In the beginning of my drone adventure (2019), I had purchased Part 107 training from "Remote Pilot 101" which became MzeroA. So, instead of watching many YouTube videos, studying the FAA documentation directly, etc., I took the course at MzeroA. I have found I do better when I have a constant plan in front of me and taking the online course provided that. I took the class and studied for a week and a half. At the end of the class is a practice exam, similar to what you can expect at the PSI testing center. I took the practice test 5 times, scoring from 90% to 96%. I was completing the test exams in about 35 to 45 minutes. I felt pretty confident.

I scheduled my exam in the afternoon. At first I thought that might be a mistake as I would be more alert in the morning, but what I learned is that I really appreciated the additional time I had in the morning to continue preparing for the exam. I would do it the same way if I did it again.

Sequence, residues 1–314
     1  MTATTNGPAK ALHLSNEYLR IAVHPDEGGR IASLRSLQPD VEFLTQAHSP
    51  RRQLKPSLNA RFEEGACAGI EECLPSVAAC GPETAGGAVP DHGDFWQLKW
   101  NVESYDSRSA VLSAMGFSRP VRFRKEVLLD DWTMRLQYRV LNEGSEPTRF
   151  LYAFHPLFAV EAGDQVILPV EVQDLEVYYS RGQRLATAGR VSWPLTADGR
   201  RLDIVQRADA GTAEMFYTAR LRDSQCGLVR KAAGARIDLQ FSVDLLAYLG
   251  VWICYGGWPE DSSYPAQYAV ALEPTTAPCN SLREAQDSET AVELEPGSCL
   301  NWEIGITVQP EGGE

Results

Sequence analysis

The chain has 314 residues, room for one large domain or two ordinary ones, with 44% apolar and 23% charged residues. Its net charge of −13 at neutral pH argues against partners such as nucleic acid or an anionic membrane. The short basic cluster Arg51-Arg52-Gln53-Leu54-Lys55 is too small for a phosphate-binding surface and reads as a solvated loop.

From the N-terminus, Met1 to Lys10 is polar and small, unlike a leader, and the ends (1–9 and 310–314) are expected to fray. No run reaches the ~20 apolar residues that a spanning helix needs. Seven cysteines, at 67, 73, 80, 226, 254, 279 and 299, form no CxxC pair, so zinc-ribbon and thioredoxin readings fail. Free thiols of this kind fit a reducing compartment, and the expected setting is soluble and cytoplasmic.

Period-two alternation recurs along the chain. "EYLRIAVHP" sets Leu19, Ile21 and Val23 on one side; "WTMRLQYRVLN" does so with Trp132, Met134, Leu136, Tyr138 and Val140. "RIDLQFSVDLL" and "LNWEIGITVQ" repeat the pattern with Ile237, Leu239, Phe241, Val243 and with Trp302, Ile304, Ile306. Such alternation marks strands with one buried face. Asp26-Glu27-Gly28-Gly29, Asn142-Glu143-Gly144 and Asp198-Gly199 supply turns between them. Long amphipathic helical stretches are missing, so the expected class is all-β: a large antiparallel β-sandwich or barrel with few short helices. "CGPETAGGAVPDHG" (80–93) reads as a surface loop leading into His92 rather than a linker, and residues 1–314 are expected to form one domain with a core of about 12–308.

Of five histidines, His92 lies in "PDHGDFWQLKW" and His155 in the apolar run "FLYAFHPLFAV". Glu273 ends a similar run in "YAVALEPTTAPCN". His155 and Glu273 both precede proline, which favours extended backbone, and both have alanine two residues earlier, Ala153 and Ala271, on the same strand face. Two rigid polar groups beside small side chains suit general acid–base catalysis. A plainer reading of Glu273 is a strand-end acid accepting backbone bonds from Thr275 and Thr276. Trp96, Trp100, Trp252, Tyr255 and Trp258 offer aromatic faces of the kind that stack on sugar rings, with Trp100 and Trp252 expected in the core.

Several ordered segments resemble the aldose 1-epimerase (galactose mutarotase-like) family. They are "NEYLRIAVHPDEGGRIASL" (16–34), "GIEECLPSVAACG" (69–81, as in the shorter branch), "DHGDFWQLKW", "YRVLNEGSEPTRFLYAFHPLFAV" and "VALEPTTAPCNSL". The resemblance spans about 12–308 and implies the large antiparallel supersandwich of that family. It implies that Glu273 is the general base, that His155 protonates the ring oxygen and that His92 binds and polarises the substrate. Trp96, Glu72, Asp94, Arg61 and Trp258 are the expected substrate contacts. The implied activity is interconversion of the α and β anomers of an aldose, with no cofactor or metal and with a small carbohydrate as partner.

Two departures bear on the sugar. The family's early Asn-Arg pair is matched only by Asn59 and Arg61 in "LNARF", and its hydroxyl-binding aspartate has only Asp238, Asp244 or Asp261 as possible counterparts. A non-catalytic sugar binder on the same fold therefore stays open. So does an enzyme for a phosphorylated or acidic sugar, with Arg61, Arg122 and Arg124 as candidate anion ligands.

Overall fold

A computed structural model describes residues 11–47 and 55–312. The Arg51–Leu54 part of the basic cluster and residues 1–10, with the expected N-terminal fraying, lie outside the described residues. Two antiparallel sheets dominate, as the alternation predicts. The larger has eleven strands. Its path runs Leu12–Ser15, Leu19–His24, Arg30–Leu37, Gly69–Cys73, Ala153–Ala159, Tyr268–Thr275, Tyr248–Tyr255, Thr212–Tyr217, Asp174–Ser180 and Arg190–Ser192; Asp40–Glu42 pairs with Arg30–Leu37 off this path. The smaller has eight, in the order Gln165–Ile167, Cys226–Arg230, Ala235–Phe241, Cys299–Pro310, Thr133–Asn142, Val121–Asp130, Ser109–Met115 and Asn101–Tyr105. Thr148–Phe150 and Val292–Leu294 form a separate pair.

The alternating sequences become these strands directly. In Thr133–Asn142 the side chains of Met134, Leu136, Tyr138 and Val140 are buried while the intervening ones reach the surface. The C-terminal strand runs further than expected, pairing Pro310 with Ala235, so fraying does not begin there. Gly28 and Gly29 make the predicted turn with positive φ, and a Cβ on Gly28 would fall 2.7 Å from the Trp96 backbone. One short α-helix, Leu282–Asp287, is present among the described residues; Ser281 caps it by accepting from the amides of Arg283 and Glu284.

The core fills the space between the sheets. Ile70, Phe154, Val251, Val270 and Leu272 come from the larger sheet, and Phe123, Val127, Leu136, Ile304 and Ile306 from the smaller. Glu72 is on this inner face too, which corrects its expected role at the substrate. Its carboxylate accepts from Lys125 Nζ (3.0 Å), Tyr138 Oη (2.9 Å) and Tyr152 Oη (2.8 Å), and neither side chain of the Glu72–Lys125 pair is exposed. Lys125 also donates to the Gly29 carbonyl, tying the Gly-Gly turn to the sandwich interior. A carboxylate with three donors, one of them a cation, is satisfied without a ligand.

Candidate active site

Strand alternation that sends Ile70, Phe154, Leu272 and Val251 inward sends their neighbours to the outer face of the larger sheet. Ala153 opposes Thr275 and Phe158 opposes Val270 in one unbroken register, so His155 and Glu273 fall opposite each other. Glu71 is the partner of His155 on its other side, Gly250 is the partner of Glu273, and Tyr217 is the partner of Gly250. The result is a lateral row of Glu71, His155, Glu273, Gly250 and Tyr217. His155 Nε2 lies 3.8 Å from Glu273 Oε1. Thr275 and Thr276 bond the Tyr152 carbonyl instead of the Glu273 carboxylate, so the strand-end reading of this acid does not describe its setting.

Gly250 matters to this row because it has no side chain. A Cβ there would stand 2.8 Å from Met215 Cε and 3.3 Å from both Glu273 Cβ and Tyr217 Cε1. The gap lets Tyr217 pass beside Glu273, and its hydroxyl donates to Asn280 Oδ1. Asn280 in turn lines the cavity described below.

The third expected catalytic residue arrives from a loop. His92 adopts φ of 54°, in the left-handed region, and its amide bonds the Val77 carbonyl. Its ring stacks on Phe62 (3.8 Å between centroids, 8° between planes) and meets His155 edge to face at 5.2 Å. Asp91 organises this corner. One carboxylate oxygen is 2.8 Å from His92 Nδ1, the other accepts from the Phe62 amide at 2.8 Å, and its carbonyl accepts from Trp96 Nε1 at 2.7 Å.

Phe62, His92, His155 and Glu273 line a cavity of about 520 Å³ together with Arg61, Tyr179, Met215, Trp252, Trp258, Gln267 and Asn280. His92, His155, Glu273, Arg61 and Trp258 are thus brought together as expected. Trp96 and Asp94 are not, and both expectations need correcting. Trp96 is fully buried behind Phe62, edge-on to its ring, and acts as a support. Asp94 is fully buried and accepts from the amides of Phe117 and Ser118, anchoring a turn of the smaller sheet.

Test Day: I was told by Jason (The instructor at MzeroA) to arrive early at PSI. I live in San Diego and there is lots of traffic, etc., plus the PSI testing center was busy! I arrived 30 minutes before my appointment. I left my cell phone and my watch in the car as you are not allowed to take electronics into the exam room. Upon arriving I was told to take everything out of my pockets and place them into a provided locker. I brought my own basic calculator, but they provided one. I also brought a magnifying glass for viewing the sectional charts and the METARs. That was also a recommendation by Jason and for me anyway, necessary! Lastly, I had two pairs of reading glasses - I wanted to make sure my older eyes didn't miss anything! Then something unexpected occurred. I was told to pull the inside of my pockets out and lift my pant legs (I was wondering if a full body search was next). I complied. I was provided with the Airman handbook, a calculator, two pencils and paper. I started to go into the exam room, but was stopped by another person who asked me to pull my pockets out and lift my pant legs again (they are serious!!). I compiled a second time and headed into the exam room.